Author Archives: kirstyes
‘I can get a new brother? On the internet?’ Jonny muttered. ‘Oh sweet mangoes of heaven!’
Everyone has dreamed of being able to get rid of their brother or sister at one time or another – but for Jonny, the dream is about to become a reality with SiblingSwap.com! What could be better than someone awesome to replace Ted, Jonny’s obnoxious older brother.
But finding the perfect brother isn’t easy, as Jonny discovers when Sibling Swap sends him a line of increasingly bizarre replacements: first a merboy, then a brother raised by meerkats, and then the ghost of Henry the Eighth! What’s coming next?! Suddenly old Ted isn’t looking so bad. But can Jonny ever get him back?
About the author
Jo Simmons began her working life as a journalist. Her first fiction series for children, Pip Street, was inspired by her own kids’ love of funny fiction, and two Super Loud Sambooks followed. In addition to children’s fiction, she co-wrote a humorous parenting book, Can I Give Them Back Now?: The Aargh To Zzzzzz Of Parenting, published by Square Peg. Jo lives in Brighton with her husband, two boys and a scruffy formerly Romanian street dog. I Swapped My Brother on the Internet is her first book for Bloomsbury.
About the Illustrator
Nathan Reed has been a professional illustrator since graduating from Falmouth College of Arts in 2000. He has illustrated Christopher Edge’s How to Write Your Best Story Ever and the Elen Caldecott’s Marsh Road Mysteries Series. His most recent picture book is Samson the Mighty Flea by Angela McAllister. He was shortlisted for the Serco Prize for Illustration in 2014. When he’s not illustrating he can be found with his two boys and a football on Peckham Rye Common.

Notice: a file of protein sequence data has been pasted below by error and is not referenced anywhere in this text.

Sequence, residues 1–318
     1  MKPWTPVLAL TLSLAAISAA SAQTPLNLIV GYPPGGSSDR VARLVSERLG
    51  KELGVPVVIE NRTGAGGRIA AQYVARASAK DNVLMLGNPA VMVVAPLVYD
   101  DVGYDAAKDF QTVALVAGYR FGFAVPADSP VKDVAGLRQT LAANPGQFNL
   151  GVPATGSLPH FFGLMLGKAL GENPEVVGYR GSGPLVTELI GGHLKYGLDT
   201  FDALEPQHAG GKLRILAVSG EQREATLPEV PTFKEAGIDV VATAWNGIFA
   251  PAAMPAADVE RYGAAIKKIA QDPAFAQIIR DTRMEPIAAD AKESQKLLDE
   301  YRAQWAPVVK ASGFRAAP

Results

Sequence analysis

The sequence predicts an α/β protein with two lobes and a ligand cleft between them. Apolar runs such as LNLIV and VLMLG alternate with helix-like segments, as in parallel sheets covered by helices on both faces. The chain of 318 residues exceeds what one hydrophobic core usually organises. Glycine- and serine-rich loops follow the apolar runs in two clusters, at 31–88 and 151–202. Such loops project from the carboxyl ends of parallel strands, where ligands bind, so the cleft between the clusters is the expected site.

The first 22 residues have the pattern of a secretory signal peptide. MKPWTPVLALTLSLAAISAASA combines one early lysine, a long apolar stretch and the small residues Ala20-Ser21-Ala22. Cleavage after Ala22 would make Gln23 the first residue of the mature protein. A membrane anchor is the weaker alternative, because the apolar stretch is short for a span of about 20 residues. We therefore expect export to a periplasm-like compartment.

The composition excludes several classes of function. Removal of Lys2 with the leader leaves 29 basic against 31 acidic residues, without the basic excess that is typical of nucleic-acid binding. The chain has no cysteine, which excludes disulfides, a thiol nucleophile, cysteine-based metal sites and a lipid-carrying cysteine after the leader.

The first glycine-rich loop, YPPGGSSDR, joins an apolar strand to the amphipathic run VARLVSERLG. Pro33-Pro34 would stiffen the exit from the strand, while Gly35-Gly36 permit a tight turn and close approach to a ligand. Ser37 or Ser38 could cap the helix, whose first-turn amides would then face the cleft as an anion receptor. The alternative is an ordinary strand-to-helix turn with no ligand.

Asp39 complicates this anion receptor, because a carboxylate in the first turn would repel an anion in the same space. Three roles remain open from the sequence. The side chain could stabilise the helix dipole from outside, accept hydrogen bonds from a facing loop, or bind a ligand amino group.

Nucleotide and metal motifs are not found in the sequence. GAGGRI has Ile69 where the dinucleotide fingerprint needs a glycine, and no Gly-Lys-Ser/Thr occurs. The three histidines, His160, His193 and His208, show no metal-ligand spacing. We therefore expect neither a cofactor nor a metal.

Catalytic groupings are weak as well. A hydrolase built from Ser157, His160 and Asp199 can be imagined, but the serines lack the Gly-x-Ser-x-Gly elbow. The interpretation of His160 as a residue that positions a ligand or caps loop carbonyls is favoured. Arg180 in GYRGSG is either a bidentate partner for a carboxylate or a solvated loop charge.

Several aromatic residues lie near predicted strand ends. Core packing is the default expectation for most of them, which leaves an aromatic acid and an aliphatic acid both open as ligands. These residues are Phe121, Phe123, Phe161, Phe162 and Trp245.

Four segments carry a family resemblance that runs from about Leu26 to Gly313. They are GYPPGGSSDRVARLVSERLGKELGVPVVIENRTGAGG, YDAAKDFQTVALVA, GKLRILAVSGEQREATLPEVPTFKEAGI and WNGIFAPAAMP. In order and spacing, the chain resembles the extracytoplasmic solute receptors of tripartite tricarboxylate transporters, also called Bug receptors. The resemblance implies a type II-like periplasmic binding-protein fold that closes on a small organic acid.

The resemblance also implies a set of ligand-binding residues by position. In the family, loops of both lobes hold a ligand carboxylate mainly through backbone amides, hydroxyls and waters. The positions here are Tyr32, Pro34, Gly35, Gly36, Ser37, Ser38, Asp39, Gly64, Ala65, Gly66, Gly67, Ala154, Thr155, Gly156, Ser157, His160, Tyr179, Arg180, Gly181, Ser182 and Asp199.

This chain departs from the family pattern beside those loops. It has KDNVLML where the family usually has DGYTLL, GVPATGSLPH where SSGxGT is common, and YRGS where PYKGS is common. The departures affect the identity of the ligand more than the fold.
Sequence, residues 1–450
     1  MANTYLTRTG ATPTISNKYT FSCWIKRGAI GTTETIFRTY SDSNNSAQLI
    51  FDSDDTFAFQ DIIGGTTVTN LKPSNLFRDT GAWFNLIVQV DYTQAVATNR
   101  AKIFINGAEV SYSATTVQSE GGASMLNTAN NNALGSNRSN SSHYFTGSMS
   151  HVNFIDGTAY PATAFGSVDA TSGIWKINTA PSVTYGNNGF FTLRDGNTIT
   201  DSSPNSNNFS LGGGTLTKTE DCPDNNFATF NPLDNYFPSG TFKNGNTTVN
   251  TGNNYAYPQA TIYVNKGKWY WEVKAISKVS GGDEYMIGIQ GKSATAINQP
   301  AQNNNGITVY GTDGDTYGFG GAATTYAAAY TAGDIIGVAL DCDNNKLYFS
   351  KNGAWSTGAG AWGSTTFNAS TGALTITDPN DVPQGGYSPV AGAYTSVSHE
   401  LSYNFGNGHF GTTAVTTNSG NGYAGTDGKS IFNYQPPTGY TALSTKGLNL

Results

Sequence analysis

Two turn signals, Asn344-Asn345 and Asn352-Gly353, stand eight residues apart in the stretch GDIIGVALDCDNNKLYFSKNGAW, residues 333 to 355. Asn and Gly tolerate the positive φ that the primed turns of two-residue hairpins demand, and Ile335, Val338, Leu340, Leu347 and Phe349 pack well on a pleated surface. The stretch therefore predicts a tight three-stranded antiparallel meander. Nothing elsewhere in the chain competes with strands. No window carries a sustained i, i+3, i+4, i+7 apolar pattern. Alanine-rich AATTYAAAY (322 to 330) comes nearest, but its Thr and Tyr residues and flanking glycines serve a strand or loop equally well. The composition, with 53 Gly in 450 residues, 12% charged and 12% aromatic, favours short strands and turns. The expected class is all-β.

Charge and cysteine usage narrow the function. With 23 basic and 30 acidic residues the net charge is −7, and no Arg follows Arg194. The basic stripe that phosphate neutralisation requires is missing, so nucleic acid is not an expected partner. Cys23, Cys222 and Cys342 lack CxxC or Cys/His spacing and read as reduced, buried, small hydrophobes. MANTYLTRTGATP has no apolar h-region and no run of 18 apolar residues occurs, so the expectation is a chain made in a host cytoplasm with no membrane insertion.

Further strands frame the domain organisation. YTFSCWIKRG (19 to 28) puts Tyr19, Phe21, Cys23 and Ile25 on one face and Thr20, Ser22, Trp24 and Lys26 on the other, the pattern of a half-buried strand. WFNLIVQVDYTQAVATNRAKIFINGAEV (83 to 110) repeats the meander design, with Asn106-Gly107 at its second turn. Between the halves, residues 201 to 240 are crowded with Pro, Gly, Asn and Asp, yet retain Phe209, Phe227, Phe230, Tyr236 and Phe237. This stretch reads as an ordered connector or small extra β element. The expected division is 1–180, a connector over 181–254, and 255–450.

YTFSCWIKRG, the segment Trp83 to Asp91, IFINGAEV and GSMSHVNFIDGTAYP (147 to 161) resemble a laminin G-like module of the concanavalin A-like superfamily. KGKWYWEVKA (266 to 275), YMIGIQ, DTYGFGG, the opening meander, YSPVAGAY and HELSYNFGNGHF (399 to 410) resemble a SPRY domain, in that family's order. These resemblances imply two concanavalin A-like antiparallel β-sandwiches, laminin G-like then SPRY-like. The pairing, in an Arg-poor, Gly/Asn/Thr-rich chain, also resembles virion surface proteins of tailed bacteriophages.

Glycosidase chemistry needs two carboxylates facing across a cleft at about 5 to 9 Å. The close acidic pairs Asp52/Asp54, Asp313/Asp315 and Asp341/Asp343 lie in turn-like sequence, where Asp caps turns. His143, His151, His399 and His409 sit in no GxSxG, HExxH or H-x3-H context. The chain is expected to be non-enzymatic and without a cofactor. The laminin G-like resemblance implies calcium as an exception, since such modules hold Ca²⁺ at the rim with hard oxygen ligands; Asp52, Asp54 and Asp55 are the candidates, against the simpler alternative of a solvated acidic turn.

What I thought
From the phrase Oh sweet mangoes of heaven, to this sentence in praise of naps, I knew I was going to love this fun and charming book.
Of course I love and adore my sister and never once wanted to swap her!!! Um… whilst that is true now when we were younger we fought so much that I’m sure both of us may have been tempted to try the service offered by Sibling Swap. Johnny and his brother Ted have just had a fight when he spots their advert and he fills out the form not really thinking about the consequences. What follows is a series of swaps with siblings that aren’t quite what he’d bargained for. I think my favourite was the ghost of Henry the Eighth and adults will love the little history nods in that section. And if you are a fan of 80s film Splash you’ll love Mervyn the Merboy.
Kids are going to love the silliness, burping, adventure but mostly… The Hanging Pants of Doom!!!
The story was naturally far fetched – especially the Mum’s reaction to her missing older son- but it made me smile a lot and comes to the inevitable realisation that perhaps our siblings aren’t altogether bad after all.